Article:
Make a Difference
Green Living - Tips and Resources for Making Environmentally Responsible Choices in Your Daily Life
Photo: Wells Horton
Bookmark this page and check the "10 Things" list below for seasonally updated actions you can take to live greener right now!
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Ten Things You Can Do to Help The Environment Right Now - Winter
- Free workshops on cleaner, greener homes
Green living fans in the Rochester area-don't miss these three FREE workshops: green home cleaning, choosing environmentally sound personal care products and storing and disposing of household hazardous waste. The next workshop is February 11, so register soon! See the "Cleaner, Greener Homes" link at right for more info on all three workshops.
- Enjoy (or not) winter, plan for spring
The state tree nursery's Spring Seedling Sale opens January 2. More than 40 types of trees and shrubs are available to control erosion, offer shade, and provide food and cover for wildlife.
Be part of the winter wild turkey flock survey
- Help wanted-two great jobs, no pay
DEC needs volunteers (no experience necessary) to keep tabs on wild turkeys January - March. If frogs and toads are more your style, help DEC survey frog and toad populations in spring and summer. Attend one of our spring training sessions on identifying different species by their calls. How cool is that?
- Protect pets and water from toxic antifreeze
When buying antifreeze, look for brands using propylene glycol rather than ethylene glycol. Remember, it's illegal to dump used antifreeze in a storm drain, but it can be recycled. Check with a local garage, public works department or motor vehicle salvage yard to see if you can recycle your antifreeze with theirs.
- You don't have to follow football to be an eagles' fan
Wintering eagles begin to arrive in December, with concentrations peaking in January and February. Find the best places to watch in New York State. See also "Eagle Watching" from the Conservationist for more sites.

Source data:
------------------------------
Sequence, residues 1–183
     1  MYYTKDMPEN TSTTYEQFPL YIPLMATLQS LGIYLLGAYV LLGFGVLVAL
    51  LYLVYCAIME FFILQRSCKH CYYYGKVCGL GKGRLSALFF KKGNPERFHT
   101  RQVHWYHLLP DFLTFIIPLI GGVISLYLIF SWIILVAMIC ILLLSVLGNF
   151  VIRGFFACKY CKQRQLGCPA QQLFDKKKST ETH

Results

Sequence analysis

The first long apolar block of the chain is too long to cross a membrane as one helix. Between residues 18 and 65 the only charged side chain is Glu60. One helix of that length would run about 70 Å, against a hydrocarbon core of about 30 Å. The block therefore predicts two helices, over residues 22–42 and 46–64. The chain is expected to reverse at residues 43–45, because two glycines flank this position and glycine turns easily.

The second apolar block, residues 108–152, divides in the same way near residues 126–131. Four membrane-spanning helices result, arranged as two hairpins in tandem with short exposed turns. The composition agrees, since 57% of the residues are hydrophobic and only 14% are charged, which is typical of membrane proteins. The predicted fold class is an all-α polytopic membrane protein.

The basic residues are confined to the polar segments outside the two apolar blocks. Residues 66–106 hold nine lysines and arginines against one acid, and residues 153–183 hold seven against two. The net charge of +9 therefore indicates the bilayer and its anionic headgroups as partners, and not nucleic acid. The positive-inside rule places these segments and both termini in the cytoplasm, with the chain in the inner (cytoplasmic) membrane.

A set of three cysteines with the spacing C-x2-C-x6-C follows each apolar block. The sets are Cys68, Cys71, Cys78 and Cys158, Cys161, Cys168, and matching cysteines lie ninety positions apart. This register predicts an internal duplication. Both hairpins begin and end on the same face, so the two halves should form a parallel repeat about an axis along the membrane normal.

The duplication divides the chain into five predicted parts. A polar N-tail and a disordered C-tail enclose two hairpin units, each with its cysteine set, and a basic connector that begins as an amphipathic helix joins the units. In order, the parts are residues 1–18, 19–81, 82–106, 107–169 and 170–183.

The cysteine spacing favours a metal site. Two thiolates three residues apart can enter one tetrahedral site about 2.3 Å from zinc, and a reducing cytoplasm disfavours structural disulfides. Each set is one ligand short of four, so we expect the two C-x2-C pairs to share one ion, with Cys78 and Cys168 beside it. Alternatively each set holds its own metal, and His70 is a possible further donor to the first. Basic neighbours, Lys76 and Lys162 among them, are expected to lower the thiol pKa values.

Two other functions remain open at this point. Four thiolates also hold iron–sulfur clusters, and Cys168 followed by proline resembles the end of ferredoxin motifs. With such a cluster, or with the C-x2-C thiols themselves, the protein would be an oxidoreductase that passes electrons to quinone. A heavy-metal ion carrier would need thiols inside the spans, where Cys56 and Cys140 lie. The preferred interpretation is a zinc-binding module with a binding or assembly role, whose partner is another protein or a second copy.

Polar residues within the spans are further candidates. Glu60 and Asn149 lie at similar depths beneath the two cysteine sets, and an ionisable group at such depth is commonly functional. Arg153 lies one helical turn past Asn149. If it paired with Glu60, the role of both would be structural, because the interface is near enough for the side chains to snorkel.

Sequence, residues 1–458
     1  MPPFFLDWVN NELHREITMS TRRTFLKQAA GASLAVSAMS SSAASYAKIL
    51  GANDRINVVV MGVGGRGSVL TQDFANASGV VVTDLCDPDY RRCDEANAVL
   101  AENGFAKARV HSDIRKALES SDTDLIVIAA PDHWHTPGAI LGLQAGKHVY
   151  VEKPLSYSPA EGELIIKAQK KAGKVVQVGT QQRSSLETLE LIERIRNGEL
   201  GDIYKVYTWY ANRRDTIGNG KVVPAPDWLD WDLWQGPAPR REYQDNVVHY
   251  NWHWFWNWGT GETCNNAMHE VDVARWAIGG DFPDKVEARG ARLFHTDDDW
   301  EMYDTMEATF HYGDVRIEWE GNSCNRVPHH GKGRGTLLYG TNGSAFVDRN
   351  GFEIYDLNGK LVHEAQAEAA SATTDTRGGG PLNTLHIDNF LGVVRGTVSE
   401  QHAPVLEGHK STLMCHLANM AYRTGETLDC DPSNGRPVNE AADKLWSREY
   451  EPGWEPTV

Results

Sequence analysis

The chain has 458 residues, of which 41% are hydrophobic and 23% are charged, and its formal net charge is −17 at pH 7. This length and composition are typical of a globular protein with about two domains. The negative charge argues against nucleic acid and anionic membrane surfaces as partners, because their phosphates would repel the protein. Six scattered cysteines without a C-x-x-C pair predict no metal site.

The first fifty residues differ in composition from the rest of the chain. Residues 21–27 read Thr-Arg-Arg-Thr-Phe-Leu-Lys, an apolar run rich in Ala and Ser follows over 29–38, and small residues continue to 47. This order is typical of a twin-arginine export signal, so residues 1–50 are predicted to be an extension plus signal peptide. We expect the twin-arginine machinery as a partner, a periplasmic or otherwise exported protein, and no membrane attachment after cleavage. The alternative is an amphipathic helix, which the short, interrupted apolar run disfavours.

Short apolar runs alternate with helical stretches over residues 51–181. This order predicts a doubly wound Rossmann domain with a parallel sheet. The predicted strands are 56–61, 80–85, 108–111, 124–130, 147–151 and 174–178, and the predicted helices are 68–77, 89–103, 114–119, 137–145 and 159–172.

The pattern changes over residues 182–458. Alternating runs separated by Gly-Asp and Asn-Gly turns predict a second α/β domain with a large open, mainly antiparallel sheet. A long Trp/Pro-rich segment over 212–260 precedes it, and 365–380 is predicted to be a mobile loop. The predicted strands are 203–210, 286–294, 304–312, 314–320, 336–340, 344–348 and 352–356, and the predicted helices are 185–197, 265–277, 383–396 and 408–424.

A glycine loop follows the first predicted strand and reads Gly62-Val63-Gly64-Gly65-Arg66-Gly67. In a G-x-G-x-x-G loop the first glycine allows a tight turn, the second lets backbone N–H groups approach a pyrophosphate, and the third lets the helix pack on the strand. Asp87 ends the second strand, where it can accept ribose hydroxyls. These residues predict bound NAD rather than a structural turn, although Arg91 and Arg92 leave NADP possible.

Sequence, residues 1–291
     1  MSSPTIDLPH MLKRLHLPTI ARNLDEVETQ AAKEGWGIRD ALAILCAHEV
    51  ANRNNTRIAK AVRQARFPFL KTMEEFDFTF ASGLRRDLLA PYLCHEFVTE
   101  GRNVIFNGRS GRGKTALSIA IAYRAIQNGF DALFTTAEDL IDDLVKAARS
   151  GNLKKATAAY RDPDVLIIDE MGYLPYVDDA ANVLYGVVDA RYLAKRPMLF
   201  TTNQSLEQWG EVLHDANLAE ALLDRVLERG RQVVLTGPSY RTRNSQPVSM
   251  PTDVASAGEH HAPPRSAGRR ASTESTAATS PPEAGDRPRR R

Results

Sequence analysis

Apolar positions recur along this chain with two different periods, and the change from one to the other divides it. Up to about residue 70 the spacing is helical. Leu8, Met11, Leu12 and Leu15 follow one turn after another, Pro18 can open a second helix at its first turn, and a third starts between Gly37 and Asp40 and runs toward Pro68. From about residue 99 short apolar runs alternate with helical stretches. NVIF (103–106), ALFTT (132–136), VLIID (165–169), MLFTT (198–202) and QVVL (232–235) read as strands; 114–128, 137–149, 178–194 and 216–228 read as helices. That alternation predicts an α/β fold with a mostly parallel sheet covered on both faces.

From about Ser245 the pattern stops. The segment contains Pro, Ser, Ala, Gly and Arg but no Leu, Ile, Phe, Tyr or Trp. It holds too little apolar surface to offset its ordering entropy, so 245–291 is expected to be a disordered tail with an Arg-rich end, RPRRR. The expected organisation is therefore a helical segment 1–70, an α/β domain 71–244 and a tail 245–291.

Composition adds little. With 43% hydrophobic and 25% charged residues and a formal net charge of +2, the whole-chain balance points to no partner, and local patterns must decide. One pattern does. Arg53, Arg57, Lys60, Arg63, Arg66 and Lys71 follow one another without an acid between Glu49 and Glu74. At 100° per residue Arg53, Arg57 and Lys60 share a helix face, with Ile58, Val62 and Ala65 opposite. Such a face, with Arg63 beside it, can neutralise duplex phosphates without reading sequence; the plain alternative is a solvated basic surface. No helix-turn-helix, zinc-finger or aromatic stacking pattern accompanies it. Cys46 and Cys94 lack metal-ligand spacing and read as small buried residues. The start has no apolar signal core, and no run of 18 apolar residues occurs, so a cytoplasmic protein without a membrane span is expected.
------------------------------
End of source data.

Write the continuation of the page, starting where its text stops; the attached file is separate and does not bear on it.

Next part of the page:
Even a short visit to a forest is
good for you. (Photo: Jennifer Miller)
- Move over echinacea, meet "forest bathing"
Spending time in a forest is good for your health and there's research to prove it. Even as little as five minutes in a forest can have a positive effect on mood, blood pressure and your immune system. And you don't have to take your clothes off! Check out the benefits and supporting science.
- Let it snow, let it snow
and keep rechargeable batteries and a hand-crank radio on hand for those inevitable winter power outages.
- Green your getaway
Planning a winter vacation? Consider staying at an Energy Star-rated hotel. These lodgings use 35% less energy and emit 35% less greenhouse gases than comparable accommodations. Check if there's one where you're headed (see Offsite links-enter "Hotels" in the "facility type" field)
The spectacular frozen falls at Letchworth
State Park. (Photo: Carl Heilman II)
- Discover the "Grand Canyon of the East"
Letchworth State Park in western New York State. Winter activities include snow tubing, cross-country skiing, and snowmobiling. Rent a winterized cabin or the very non-rustic Maplewood Lodge, which sleeps eight and has modern amenities, including TV.